Another challenge with the monolith is the ability for it to scale. In this example with the ticketing company, if there’s a high demand for tickets and there is lots of users, maybe the payment system becomes under duress and it has some contention—it needs some help. In that situation though, the way to fix that would be to deploy the whole application again and that could be interesting.
In this case, we have one version the application running right now. When the load comes up, we need to deploy the second version of the whole thing. That can take time, and by the time it gets deployed and stabilized, that peak might have subsided. And in that case, you’ve done nothing for your users because you’ve missed it—they’re already gone. So that’s one way to look at it. That’s a monolith.
Let’s take a look at the same application deployed as microservices. So in a microservices-based deployment, we’d still have our user interface—that’s a service inside of its own container. We’d have the inventory service. We’d have the recommendation engine deployed in its own container as a service—the cart, for example. We’d have some type of a payment capability as well as the reporting. Now, each one of these talks to each other, where needed, via APIs.
The advantages of microservices
There are benefits you’ll see right off the bat. Right off the bat, we’ll understand that the team responsible for the reporting engine can use the language and framework that they want to use. The team that runs the cart, for example, can use their own language and their own framework that best fits their requirements. So that’s a really interesting benefit right off the bat.
Iterate at will/DevOps pipeline
Number two, you’re able to actually iterate at will. These containers and these services are front-ended by a DevOps pipeline. As a developer builds code or checks in code into the pipeline, it goes to the automated testing, once all that passes, that code can be deployed into production immediately. You’re no longer beholden to the speed by which the other teams can operate. So you’re able to iterate faster, bringing value to your customers at a faster pace, which is wonderful.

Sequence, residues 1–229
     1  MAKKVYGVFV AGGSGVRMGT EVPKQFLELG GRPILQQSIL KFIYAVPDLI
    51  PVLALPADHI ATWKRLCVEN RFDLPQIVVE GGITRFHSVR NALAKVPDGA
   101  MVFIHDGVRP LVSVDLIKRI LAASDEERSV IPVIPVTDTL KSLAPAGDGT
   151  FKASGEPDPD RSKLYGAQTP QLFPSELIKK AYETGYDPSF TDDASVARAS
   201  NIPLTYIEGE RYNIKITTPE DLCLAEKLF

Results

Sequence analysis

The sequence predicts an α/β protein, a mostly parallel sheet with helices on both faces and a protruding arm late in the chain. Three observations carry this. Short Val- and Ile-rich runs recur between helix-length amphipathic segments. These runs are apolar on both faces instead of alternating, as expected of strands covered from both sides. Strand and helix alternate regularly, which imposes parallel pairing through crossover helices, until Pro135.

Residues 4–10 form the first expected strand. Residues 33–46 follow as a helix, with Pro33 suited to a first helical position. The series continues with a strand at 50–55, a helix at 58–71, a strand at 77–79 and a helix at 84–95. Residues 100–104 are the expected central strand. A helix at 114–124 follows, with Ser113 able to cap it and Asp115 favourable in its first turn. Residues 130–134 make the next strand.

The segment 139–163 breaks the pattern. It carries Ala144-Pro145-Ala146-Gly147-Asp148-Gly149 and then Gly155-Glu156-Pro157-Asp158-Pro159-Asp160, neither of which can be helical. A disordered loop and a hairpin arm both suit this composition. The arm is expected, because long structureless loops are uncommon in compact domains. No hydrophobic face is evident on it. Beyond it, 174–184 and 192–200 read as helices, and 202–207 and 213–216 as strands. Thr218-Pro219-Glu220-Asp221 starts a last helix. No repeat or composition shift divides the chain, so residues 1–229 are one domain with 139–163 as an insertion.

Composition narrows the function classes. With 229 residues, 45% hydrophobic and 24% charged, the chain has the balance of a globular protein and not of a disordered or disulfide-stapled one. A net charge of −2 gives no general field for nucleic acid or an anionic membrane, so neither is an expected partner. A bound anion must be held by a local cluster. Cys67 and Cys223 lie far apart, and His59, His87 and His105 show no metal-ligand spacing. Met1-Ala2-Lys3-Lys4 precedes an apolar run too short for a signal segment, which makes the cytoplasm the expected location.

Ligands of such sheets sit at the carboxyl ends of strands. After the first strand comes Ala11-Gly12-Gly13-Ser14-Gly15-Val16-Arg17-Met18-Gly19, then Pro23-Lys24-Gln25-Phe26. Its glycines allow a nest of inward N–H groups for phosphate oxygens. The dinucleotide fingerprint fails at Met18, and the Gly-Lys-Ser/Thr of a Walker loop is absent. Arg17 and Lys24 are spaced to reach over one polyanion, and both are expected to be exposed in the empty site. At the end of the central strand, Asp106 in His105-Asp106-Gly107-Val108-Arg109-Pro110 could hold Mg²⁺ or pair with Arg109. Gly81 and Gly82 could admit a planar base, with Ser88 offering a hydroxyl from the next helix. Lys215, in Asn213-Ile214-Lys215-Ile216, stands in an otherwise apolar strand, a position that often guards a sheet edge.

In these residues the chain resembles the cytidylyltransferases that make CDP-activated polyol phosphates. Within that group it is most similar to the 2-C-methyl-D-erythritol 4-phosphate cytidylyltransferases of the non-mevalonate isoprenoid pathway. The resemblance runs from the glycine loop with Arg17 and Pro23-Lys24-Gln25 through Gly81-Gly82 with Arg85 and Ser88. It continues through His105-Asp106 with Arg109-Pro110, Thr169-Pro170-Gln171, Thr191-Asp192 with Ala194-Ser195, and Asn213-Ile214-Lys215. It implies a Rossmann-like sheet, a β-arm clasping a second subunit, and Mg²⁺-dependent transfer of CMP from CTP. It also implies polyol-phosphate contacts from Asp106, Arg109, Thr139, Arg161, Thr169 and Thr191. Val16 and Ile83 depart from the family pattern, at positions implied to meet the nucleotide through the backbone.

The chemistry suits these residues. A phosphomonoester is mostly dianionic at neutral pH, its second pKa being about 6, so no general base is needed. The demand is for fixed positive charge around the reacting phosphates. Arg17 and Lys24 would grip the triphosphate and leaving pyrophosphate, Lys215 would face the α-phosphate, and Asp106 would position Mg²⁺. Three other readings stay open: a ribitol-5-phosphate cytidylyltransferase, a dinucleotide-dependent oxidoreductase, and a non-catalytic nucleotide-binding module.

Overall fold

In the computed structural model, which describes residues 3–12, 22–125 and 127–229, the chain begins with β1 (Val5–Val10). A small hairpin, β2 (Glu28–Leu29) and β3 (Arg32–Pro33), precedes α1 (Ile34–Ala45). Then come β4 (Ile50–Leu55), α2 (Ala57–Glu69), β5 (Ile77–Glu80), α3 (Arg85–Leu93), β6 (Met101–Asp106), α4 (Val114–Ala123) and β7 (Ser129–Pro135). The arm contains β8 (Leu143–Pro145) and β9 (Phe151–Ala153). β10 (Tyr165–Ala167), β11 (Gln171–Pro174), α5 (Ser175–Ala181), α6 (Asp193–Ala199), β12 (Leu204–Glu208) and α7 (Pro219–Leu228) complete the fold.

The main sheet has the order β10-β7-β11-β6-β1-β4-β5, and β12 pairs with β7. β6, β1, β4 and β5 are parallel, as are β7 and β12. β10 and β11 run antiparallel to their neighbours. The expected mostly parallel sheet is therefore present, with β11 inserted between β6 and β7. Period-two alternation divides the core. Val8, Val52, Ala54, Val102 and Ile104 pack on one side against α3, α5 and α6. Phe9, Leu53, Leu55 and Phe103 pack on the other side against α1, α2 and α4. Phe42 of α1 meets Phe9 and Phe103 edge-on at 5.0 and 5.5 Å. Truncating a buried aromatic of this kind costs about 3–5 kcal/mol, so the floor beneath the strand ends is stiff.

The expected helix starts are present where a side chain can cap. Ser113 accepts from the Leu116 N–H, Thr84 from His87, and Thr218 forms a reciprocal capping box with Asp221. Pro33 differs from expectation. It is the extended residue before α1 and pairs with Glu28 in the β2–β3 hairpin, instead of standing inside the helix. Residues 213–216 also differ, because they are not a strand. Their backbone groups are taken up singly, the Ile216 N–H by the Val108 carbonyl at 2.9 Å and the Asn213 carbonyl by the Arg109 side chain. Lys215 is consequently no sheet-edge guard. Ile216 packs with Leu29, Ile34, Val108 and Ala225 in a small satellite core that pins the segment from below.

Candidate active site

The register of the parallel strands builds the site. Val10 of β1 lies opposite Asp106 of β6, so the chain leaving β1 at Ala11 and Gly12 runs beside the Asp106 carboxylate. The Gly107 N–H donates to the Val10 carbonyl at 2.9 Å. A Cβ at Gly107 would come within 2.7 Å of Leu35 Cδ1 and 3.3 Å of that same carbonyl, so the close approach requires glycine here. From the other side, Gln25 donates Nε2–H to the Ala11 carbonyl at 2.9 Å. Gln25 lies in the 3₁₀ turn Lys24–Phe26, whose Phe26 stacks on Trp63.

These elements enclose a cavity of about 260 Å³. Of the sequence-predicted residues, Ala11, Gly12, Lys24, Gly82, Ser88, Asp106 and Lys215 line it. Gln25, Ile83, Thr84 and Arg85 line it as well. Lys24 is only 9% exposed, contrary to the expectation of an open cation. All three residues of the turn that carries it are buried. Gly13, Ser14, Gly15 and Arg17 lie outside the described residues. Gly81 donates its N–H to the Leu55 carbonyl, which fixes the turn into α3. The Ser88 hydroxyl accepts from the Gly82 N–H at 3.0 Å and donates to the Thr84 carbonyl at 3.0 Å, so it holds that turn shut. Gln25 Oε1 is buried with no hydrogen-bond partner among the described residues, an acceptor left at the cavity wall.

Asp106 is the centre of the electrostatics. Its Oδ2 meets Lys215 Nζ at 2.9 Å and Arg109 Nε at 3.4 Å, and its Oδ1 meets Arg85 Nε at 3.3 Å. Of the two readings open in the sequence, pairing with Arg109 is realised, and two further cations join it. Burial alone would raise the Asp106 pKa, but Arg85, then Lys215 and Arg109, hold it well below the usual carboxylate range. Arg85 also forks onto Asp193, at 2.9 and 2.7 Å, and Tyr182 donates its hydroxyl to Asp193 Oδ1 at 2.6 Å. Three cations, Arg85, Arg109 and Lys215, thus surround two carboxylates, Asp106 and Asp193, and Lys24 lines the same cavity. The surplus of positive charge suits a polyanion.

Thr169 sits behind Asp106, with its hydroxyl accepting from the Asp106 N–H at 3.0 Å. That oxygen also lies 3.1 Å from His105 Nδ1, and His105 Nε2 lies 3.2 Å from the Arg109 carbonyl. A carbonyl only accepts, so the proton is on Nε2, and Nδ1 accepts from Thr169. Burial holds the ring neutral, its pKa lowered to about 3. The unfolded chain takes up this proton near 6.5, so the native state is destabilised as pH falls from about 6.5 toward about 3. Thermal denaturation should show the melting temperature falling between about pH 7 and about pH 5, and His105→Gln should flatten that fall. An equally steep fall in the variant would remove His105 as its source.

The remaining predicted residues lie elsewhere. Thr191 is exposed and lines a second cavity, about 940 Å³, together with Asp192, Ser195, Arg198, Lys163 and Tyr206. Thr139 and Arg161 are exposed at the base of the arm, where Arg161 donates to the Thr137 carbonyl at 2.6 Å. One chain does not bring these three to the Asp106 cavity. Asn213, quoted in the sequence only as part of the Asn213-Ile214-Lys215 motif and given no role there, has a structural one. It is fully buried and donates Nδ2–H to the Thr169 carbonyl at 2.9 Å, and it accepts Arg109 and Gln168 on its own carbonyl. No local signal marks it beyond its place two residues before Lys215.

Less risk in change
Additionally, if there is a change that breaks part of that service or breaks, in this case, the reporting engine, the whole application doesn’t fall over. It still works. So, effectively, by using this model, you’re reducing your risk, you’re implementing smaller changes, and you’re increasing value over time.
Add new components
Another really cool part is that you can actually add in new components over time, just like we did on the monolith. So we can add in component A, component B, and component C. And they can all be in different languages and frameworks, which is wonderful. And they just communicate, again, over APIs.
Another benefit of the microservice-based architecture is its ability to independently scale. If there are a lot of people trying to purchase tickets at the same time, and the purchasing or that payment system is under duress or is under some contention, the platform can spin up additional containers to help with the load. And when the load subsides, those containers can go away. So that’s a wonderful way for the application to naturally breathe.
A review of microservices
So let’s review real quick: A microservices architecture is one where every application function is its own service deployed in a container and they communicate over APIs. You’re given the ability to have independence with respect to the language and framework that you choose. You’re able to iterate fast and when needed, and you’re able to scale independently. So that’s what makes microservices really interesting.
Thank you for your time today. If you’d like to learn more and see more lightboarding videos, check us out on the IBM Cloud Blog.